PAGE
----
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Of all the berries I know, blackberries are my favorite. I adore their dark, rich, and sweet taste. This mold was inspired by the yummy blackberry and orange gelato made at my favorite hang out, Dolce Vita.

The merger of blackberries and oranges creates a clean and crisp flavor, while the addition of sweetened condensed milk and rum completes the citrus, berry, creamy, boozy experience.

To create this mold, I dissolved bloomed gelatin into heated water and freshly squeezed orange juice, then stirred in fresh puréed  blackberries (seeds strained), rum, sweetened condensed milk, and a touch of vanilla.

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See my recipe featured in Readers’ Recipes: The New York Times Magazine.

I’ll never forget the first bing cherry I ate. In 1992, after moving from Oklahoma to California, I attended a cookout with friends from my new high school. Along with the garden burgers and hot dogs was a bag of fresh cherries. I found it odd to see cherries eaten out of a produce bag, not immersed in syrup. Always the adventurous eater, I tried a fresh cherry and immediately fell in love with the intricate flavors that barely resembled the sticky sweet  cherries of my youth. Every summer since I’ve anticipated their seasonal purchase and consumption.

This gelatin consists of cherry juice, cherries, and rum on top; sweetened condensed milk, almond extract, and cherry juice on bottom. The cherry/almond/rum combination is sweet and lovely.

Recipe

Top layer

  • 2 cups 100% black cherry juice (I always prefer 100% juices to blends, but if using a blend, you may want to adjust the sugar)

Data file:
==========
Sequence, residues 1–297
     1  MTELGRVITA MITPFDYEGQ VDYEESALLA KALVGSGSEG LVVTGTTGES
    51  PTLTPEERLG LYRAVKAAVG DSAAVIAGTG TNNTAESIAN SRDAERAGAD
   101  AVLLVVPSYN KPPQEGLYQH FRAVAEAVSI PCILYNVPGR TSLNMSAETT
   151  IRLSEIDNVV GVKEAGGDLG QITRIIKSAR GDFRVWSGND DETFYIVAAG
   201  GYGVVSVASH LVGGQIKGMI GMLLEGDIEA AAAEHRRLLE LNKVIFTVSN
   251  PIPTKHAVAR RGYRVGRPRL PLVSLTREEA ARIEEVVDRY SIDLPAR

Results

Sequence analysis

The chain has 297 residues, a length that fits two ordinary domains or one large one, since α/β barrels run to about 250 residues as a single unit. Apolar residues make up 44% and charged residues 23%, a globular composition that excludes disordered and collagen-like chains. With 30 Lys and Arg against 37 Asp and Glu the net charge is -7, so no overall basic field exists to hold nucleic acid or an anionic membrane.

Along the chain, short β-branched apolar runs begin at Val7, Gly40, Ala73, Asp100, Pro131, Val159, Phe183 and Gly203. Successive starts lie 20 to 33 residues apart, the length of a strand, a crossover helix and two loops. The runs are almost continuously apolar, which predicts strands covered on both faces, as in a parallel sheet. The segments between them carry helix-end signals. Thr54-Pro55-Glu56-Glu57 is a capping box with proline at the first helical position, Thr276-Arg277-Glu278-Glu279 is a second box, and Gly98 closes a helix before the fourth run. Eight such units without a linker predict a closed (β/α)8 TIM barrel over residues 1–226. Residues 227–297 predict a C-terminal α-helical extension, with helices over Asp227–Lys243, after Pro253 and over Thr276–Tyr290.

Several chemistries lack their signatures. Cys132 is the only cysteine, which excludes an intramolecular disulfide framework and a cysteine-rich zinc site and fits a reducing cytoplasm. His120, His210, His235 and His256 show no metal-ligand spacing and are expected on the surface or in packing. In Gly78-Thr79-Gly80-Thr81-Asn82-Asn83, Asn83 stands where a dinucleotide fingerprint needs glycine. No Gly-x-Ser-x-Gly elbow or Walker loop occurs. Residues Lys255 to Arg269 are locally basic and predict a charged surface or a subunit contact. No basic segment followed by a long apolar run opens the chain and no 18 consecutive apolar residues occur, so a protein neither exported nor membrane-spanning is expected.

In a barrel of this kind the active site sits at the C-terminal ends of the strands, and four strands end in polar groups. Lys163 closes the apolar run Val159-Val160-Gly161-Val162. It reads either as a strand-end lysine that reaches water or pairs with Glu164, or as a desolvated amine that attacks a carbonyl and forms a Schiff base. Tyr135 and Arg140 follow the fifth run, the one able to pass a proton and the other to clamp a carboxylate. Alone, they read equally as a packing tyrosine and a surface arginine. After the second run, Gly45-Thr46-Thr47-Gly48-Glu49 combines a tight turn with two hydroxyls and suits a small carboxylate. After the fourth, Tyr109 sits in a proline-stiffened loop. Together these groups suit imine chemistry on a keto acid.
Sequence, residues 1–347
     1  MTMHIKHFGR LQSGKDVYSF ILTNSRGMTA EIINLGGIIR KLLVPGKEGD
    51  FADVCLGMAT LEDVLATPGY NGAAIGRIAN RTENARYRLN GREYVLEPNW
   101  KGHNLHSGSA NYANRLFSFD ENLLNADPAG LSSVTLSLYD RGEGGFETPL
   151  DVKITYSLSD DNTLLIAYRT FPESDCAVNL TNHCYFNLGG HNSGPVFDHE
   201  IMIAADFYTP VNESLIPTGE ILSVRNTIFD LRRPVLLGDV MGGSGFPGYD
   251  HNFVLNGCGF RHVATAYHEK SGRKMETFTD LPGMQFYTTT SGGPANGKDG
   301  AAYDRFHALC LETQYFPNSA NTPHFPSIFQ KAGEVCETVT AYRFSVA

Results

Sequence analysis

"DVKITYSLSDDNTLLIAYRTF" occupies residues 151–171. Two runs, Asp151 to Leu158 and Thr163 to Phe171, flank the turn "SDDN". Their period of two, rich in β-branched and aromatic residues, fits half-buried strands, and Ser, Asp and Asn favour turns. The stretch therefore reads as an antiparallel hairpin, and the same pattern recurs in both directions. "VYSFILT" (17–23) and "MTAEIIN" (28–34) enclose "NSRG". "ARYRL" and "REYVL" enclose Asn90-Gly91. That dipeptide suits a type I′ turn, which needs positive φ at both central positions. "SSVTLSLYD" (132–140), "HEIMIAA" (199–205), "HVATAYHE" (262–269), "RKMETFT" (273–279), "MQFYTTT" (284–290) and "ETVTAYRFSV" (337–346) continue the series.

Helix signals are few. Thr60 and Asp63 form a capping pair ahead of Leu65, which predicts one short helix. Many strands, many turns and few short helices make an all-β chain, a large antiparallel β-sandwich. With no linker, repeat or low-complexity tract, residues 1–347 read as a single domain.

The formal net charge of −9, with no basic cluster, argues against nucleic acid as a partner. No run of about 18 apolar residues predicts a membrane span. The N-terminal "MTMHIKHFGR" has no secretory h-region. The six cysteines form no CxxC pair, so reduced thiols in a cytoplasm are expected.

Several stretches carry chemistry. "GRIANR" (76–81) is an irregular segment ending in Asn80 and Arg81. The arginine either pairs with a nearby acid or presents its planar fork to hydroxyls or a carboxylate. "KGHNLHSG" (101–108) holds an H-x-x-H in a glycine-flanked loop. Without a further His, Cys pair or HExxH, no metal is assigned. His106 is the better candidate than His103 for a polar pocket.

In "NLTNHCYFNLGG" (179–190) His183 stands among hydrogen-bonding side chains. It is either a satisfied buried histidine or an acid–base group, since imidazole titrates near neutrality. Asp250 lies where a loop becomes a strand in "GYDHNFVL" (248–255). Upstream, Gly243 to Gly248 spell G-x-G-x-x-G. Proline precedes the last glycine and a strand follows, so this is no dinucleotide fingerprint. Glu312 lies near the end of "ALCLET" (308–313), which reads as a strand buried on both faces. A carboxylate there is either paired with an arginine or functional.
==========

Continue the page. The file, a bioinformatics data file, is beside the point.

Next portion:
• ½ cup sugar (or to taste)
  • 2 packets gelatin
  • ¾ cup cold water
  • ¾ cup cold rum
  • 1 cup pitted and halved cherries (thoroughly washed and dried)

Bottom layer

  • One 14oz can sweetened condensed milk (cold)
  • 1 ¾ cup water
  • ¼ cup cherry juice (optional – gives the bottom a pink color. Use 2-cups water for a white bottom layer)
  • 1/4 teaspoon almond extract (optional)
  • 2 packets gelatin

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See this mold mentioned here in The Globe and Mail, and here at Apartment Therapy The Kitchn.

I love figs and I love cardamon, but I never thought of combining them until I read this fantastic article about simple syrups by Addie Broyles in the Austin American Statesmen. The article describes perking up summer drinks with simple syrups, but I immediately transferred the concept to gelatin molds. This mold was made with sweetened condensed milk, rum, and fig and cardamom syrup. Fruity, spicy, and boozy – this may be my favorite gelatinous experiment to date. My friends enjoyed pouring additional fig and cardamom syrup on the creamy mold – yum! We also enjoyed eating the cardamom and sugar soaked figs.

To make a fig and cardamom simple syrup, combine 1-cup water with 1-cup sugar in a saucepan and bring to a low boil. When the sugar is dissolved, remove from heat and add 1-cup dried figs and 2-Tbsp. whole cardamom pods. Cover pan and let sit overnight. In the morning strain the syrup and store in an air-tight container in the refrigerator.

Recipe for 3.5 cups

  • 2 packets Knox gelatin
  • ½ cup water (for blooming)
  • ¼ cup fig and cardamom syrup (see above)
  • ¼ cup rum (I used white rum, but any would do)
  • 14 oz can sweetened condensed milk

Sprinkle two packets of gelatin on top of ½ cup water. Set aside for 5 minutes.

In a small saucepan heat up rum and the previously prepared fig and cardamom syrup, but do not boil. Once heated, pour over the bloomed gelatin. Stir until gelatin dissolves. Stir in sweetened condensed milk, and then spoon into mold(s). Refrigerate until set, at least 4 hours.

The mojito is one of my favorite summer drinks. Sweet, sour, minty, and bubbly. Here I suspended strawberries and mint leaves for visual interest, and added blueberries to create a patriotic theme for 4th of July.

Making cocktail-based molds from scratch is a challenge! I finally decided to steep lime zest and mint leaves in a hot lime syrup (water, limes, sugar). The lime/mint combination tasted great, but I was heavy handed on the rum. Even my alcohol loving friends admitted it was strong.  A bit more practice and I’ll hopefully unlock the secret to cocktail-based gelatin molds.

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